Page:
Deutsches Institut für Japanstudien
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The Bunson-Movement in the 1930s and 1940s:How Japanese Bureaucrats Tried to Bring Millions of Agricultural Settlers to Manchuria
May 16, 2001 / 6.30 P.M.
Anke Scherer, Ruhr-University Bochum
After the Kanto-Army established Manshukoku as a ‘puppet state’ in Northeast China in March 1932, plans were made to people the vast expanses of Manchuria with agrarian settlers from Japan. Until 1936 the Japanese government did not support those plans, mostly for financial reasons. However, due to the constant lobbying of agrarian nationalists around Kato Kanji, a few hundred paramilitary settlers were sent to Manchuria in this early phase.
In the summer of 1936 policy changed, and mass migration to Manchuria was made a national goal. Plans were quickly drawn up to send one million households to Manchuria over the course of the next 20 years. To implement these ambitious plans, the ministries in charge developed the ‘bunson undo’, the “Movement to Divide (and Relocate) Villages”. The objective was to ease the crisis of the domestic rural economy by turning so called ‘surplus population’ from the countryside into the agrarian settlers the Kanto-Army wanted for Manchuria.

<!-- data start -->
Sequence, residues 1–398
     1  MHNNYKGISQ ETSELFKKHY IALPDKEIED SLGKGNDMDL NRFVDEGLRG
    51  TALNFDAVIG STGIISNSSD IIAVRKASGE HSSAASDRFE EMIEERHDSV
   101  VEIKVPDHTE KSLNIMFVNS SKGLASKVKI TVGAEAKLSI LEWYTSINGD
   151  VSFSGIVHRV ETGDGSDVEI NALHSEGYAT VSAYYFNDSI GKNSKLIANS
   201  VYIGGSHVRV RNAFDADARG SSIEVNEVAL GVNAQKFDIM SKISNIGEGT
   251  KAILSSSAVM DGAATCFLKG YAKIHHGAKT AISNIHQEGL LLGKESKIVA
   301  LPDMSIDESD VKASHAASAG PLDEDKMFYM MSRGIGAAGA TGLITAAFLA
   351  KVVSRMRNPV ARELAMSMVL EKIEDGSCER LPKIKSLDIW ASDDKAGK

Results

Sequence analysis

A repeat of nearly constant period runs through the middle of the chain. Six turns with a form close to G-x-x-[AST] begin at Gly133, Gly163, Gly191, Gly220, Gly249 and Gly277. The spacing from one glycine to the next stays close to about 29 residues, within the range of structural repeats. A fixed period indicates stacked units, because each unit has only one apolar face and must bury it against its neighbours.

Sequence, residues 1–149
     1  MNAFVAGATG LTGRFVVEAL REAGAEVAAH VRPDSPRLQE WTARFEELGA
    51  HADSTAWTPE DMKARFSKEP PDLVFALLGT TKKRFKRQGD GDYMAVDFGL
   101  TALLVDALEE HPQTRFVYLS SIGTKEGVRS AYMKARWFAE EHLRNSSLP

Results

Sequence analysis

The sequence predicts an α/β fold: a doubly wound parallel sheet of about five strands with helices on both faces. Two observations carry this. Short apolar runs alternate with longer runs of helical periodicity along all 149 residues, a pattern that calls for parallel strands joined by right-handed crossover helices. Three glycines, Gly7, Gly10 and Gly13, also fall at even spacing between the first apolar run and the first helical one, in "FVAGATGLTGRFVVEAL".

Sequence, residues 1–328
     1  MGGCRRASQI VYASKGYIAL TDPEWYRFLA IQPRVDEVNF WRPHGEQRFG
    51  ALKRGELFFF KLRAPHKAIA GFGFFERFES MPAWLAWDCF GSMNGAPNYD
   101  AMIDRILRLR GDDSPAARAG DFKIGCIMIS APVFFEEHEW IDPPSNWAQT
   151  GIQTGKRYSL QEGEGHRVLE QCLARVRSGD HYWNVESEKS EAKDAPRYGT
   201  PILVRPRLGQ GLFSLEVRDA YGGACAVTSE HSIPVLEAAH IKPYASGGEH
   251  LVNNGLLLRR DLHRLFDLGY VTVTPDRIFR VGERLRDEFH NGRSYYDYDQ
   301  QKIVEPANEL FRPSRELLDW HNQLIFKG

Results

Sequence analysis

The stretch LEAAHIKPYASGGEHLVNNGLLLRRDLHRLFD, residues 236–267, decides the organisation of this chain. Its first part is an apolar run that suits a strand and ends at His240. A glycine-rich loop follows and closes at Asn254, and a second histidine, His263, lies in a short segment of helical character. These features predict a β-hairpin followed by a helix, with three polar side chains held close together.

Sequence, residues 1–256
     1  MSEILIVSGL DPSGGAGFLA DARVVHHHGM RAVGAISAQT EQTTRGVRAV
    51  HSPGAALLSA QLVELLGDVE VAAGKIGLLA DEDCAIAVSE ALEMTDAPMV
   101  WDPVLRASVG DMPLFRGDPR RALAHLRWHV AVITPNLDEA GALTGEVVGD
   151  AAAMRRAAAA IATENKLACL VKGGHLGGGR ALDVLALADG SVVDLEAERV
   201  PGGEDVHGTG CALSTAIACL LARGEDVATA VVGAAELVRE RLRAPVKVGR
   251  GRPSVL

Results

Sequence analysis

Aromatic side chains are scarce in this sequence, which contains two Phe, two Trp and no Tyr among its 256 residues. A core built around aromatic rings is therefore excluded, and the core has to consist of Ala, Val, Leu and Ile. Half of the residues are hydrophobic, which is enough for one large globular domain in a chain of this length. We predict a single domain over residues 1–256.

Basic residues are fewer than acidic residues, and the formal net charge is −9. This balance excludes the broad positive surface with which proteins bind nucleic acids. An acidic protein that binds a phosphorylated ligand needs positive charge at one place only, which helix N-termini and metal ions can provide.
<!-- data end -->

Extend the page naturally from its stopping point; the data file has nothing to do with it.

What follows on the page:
However, this new scheme fundamentally altered the nature of the migration, since from now on emigration was no longer the decision of an individual or a family. Communities that participated in this “Village Division (and Relocation) Movement” had to draw up plans for mass emigration – and than had to recruit enough households to fulfil their quota.
This presentation looks into the implementation of the ‘bunson undo’ at the village level. How did prefectural and local administrators plan and carry out the ‘export’ of hundreds of households from a community? Who were the activists – and who the opponents of the movement on the village level? Who was recruited for migration and how? How did the mass emigration affect a village and its economy? And finally – assuming that the main objective of the “Village Division (and Relocation) Campaign” was to solve the problem of ‘rural overpopulation’ and to improve the economic situation of the remaining part of the population – to what extent did the campaign achieve these goals?